Overall, if this bears any resemblance to what school children are going to have inflicted on them, then I’m sorry for the school children.

It is not inevitable that the EU – or democracy – will survive this mess | Comment is free | The Guardian

It is not inevitable that the EU – or democracy – will survive this mess | Comment is free | The Guardian.

Another doom-and-gloom article about the alleged failure of democracy. Is Europe now headed into the Age of Benign Dictatorships? Unlike the inGlorious Motherland, people could still criticise the government, who would then tell them to bugger off. Oh, hang on. That’s the current system, which is occasionally punctuated by another election after which nothing ever happens.

As I might’ve mentioned, I happened to stray back to the Political Com­pass just recently (where I’m still a left-wing liberal). Your average pol­it­ic­ian in a democratic country seems to be a right-wing authoritarian, who’s only a couple of steps short of declaring themselves President-for-Life, and then turning their governance of the country into a family firm. Mmmm. Does that mean the Arab world has become Europe and Europe will be­come the Arab world?

Back and backn’t

And will the bloody Poles and others sod off and stop wasting time posting comments which will never ever be seen, not even if I don’t delete your shite. Morons.

Gmail seems to be behaving itself again, more or less, but where in the Empire there’s 阴, there’s also 阳 in that when I go to the Guardian website, I can see the front page, but can’t access any of the stories. I can’t see any headlines about the Empire: no references to tiresomely intolerant robots; no words beginning with T that might cause palpitations; no recommendations for courses in critical thinking. Perhaps they don’t want anyone reading the Dr Who blog. Baffling.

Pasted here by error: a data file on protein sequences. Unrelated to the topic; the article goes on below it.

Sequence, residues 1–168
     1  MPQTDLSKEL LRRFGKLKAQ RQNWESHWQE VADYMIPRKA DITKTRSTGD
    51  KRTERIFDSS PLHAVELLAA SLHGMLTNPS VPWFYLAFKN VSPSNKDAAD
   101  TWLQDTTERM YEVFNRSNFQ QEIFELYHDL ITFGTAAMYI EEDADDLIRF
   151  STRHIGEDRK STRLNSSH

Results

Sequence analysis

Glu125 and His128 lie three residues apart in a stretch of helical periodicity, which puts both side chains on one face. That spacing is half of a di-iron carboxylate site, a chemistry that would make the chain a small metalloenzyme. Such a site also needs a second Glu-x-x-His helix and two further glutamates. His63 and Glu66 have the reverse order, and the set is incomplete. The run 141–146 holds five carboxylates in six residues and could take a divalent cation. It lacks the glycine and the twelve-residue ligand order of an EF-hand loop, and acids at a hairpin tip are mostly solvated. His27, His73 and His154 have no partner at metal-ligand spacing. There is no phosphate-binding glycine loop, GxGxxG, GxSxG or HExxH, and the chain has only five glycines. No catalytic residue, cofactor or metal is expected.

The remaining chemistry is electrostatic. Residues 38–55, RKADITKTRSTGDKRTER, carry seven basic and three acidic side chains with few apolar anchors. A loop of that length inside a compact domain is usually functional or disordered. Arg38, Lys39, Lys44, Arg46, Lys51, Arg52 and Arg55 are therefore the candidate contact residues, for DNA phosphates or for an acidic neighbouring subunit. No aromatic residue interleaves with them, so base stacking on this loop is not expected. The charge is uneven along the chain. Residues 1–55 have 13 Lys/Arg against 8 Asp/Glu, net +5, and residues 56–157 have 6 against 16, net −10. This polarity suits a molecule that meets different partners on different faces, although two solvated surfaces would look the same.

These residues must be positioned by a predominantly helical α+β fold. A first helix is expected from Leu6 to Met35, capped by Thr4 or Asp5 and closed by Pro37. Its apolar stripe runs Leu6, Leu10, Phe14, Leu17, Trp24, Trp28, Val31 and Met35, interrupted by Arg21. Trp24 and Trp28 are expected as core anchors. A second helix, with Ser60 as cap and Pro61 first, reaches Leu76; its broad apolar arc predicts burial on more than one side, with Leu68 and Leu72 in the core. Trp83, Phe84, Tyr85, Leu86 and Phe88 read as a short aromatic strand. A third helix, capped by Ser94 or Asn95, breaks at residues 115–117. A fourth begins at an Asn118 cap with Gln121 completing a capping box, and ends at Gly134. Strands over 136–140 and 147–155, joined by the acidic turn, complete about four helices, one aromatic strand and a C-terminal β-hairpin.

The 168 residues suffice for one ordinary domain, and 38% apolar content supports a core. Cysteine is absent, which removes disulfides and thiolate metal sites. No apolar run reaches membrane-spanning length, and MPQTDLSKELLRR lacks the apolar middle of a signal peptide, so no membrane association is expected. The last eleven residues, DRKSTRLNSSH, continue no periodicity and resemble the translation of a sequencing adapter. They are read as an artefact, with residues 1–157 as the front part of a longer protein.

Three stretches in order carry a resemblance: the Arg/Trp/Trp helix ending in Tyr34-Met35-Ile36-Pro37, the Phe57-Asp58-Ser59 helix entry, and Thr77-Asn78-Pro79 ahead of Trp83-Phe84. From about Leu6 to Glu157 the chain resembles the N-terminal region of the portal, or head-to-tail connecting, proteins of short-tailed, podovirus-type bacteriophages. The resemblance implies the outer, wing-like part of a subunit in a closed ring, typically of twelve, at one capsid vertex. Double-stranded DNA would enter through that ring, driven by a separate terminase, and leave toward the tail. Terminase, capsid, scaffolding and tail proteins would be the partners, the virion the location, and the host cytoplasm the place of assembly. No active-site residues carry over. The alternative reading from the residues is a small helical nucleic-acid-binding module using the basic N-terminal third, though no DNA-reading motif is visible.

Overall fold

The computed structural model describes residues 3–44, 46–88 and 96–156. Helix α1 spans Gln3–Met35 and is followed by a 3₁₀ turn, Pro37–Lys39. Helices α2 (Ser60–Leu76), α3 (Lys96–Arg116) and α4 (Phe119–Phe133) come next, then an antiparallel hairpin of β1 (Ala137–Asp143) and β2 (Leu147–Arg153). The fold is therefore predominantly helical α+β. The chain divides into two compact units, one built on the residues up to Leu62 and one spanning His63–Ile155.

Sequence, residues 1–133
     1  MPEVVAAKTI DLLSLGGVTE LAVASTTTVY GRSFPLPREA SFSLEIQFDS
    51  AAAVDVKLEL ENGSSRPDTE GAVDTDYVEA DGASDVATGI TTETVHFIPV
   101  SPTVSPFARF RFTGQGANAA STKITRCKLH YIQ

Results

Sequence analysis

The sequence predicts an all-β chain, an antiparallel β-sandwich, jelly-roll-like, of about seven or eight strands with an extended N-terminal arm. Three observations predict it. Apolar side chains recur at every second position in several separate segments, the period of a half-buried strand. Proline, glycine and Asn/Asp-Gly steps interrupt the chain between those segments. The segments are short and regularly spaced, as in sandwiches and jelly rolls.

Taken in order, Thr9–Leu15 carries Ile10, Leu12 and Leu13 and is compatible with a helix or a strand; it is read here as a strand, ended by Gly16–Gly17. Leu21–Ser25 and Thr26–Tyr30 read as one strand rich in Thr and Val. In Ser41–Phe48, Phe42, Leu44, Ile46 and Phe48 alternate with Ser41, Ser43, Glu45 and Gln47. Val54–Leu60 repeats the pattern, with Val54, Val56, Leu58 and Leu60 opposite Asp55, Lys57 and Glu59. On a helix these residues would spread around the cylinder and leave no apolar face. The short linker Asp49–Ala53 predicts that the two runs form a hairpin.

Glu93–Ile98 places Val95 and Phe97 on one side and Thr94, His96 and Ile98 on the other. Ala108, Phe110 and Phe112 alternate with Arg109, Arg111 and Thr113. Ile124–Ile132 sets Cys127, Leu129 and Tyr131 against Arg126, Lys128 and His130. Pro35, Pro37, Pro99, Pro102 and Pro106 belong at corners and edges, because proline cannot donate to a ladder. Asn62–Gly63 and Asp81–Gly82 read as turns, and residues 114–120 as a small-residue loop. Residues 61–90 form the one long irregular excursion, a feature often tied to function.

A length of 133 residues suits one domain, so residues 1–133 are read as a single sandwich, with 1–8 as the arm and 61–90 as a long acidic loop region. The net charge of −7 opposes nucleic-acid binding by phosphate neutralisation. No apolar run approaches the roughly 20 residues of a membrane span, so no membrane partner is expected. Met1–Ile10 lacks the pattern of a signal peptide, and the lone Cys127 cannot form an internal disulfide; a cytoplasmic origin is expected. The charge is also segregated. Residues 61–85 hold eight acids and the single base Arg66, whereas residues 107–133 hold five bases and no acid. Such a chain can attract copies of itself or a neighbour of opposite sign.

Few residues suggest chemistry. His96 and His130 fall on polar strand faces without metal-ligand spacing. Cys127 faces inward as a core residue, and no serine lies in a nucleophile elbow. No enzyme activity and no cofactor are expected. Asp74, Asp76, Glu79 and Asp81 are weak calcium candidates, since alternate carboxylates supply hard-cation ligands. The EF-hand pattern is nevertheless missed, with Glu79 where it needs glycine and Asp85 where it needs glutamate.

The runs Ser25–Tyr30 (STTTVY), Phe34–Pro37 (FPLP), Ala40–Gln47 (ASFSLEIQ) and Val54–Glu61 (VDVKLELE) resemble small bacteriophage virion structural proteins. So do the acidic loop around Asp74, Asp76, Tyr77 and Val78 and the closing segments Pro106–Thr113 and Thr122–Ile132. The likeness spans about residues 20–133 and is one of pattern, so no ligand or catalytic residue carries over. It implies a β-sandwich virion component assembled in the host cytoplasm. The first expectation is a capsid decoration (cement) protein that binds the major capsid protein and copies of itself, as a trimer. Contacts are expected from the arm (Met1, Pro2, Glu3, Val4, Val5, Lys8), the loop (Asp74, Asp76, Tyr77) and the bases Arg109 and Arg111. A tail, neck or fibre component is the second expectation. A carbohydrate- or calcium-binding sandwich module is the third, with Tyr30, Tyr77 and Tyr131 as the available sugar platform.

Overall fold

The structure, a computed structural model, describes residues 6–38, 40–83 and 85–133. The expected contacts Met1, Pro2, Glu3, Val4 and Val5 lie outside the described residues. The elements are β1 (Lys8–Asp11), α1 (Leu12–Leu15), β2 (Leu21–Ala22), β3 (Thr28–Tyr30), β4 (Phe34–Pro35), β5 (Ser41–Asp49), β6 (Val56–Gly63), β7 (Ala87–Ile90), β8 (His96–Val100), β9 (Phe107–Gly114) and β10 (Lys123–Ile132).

I invigilated my final exam for 2011 this afternoon, AS Physics Multiple Choice. When I got out of the building, there were hordes of Senior 3s waiting to sit this afternoon’s paper in the College Entrance exam. One girl was sitting on my bike and I observed that it made a better bike than a seat. Remember how the Senior 3s will have an English exam or two, including listening? Well, I may as well have been speaking Zhou Dynasty Chinese to her. “听不懂! 听不懂!” I said mockingly to them as I departed. I’m such a total wit.

If at first you don’t succeed, try, try again

And possibly again and again.

Last night the Internet got switched off for a time, perhaps to update Paranoia++ software (no truth ever knowingly admitted into the Empire) and, I was hoping, it would see the cessation of deliberate interference with gmail and the Internet in general. Net access did reappear and things seemed to be a little better.

I was commenting on The Guardian’s 190th birthday this morning (mock-up of 1821-style page) when I discovered that although the green light is on on my laptop, which indicates there’s a live connection, there was no Internet access and I’d lost the first draft of this entry.

Apart from the Guardian’s birthday, the other news this morning is that like Julian Assange, Bradley Manning is supposedly not quite playing with a full pack of cards. The Russians are also saying that Gaddafi has to go. Did Medvedev clear that with Czar Vladimir or has he started thinking independently?